Excessive financialization of primary commodity markets

The UNCTAD yearly publication – Trade and Investment report -2009 was released recently (heavy pdf file here). The theme of the  report is – Responding to the global crisis Climate change mitigation and development. Climate change is becoming a hot topic as World Development Report 2010 is also based on the same theme (for an economic perspective see this Spence paper).

Anyways, the UNCTAD report has a interesting chapter on the topic of the post. It says:

The impact of the financial crisis on developing and transition economies through the slowdown of trade was amplified by the sharp fall in international prices for primary commodities in the second half of 2008. To a large extent this is a symptom of the financial crisis itself. Commodity prices, stock prices and the exchange rates of currencies affected by carry trade speculation moved in parallel during much of the period of the commodity price hike in 2005–2008, during the subsequent sharp correction in the second half of 2008 and again during the rebound phase in the second quarter of 2009.

It is true that deteriorating global economic prospects after September 2008 dampened demand for commodities; but the downturn in international commodity prices was first triggered by financial investors who started to unwind their relatively liquid positions in commodities when the value of other assets began to fall or became uncertain. And the herd behaviour of many market participants reinforced such impulses. Financial investors in commodity futures exchanges have been treating commodities increasingly as an alternative asset class to optimize the risk-return profile of their portfolios. In doing so, they have paid little attention to fundamental supply and demand relationships in the markets for specific commodities. A particular concern with respect to this financialization of commodity trading is the growing  influence of socalled index traders, who tend to take only long positions that exert upward pressure on prices. The average size of their positions has become so large that they can significantly influence prices and create speculative bubbles, with extremely detrimental effects on normal trading activities and market efficiency.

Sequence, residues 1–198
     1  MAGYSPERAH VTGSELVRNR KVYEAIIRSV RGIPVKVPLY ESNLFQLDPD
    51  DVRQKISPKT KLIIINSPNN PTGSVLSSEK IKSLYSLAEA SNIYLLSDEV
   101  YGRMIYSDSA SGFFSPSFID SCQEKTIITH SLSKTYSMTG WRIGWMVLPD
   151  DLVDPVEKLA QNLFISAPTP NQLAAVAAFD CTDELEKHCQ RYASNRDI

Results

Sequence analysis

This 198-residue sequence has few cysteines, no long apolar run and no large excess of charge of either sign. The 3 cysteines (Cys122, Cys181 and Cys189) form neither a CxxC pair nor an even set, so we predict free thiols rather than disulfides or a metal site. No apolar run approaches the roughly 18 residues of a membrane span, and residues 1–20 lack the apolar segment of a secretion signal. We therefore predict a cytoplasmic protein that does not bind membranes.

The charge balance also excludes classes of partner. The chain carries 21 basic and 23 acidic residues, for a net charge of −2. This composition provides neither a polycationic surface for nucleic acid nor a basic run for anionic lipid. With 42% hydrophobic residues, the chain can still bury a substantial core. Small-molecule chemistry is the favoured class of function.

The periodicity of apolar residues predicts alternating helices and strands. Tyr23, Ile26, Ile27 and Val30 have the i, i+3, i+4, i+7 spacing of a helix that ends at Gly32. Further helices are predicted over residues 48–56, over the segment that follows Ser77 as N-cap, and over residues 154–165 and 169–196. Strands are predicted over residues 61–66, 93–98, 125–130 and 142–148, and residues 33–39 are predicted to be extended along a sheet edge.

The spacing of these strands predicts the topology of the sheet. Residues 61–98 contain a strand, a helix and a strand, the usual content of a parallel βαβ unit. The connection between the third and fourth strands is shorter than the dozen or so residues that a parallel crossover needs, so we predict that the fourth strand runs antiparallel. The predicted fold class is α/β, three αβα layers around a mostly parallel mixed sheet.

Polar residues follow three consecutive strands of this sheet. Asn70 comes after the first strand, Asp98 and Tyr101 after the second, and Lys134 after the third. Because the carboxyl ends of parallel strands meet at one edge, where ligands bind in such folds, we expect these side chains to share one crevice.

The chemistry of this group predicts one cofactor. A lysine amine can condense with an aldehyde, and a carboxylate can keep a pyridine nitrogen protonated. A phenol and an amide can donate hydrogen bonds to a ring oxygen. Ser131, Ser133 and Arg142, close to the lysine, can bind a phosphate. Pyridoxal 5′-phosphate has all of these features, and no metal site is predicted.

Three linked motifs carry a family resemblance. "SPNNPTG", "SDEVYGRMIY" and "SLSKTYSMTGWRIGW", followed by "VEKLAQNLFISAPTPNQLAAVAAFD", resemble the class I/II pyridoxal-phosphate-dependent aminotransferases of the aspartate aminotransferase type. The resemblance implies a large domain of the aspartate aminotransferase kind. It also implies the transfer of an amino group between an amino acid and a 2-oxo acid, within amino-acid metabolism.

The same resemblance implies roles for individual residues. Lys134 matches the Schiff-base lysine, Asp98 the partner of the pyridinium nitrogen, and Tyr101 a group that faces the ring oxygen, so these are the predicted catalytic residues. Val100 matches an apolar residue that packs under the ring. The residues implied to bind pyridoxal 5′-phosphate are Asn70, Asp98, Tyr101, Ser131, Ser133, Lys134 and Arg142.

Under these conditions, hedging against commodity price risk becomes more complex, more expensive, and perhaps unaffordable for developing-country users. Moreover, the signals emanating from commodity exchanges are getting to be less reliable as a basis for investment decisions and for supply and demand management by producers and consumers.

Hmmm… so finally there is some reckoning of the problem by an international institution. When prices were rising last year, all was  considered well and demand -supply reasons were given.  As usual, a crisis tells you the nature of the probelm.

The chapter does some fresh analysis on whatever little data is available and sees financial speculation as a cause of concern. What is the way out:

In order to improve the functioning of commodity futures exchanges in the interests of producers and consumers, and to keep pace with the participation of new trader categories such as index funds, closer and stronger supervision and regulation of these markets is indispensable. The financialization of commodity futures trading also confronts the international community with the issue of how supply-side measures can address excessive commodity price volatility. This issue is of particular importance for food commodities, because, despite some recent improvements, current grain and oilseed inventories remain very low. This means that any sudden increase in demand or major shortfall in production, or both, will rapidly trigger significant price increases. Hence, physical stocks of food commodities need to be rebuilt urgently to a level adequate enough to be able to moderate temporary shortages and buffer sharp price movements.

I couldn’t understand much of the analysis as I don’t understand commodities markets. But these policy lessons are interesting. Policymakers please take note….

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One Response to “Excessive financialization of primary commodity markets”

  1. High costs of non-participation in economics of global warming « Mostly Economics Says:

    […] on climate change and its impact is capturing the minds everywhere. Quite a few reports are being written with this theme. This year’s Nobel Prize predictions are heavily tilted towards Environmental Economics and […]

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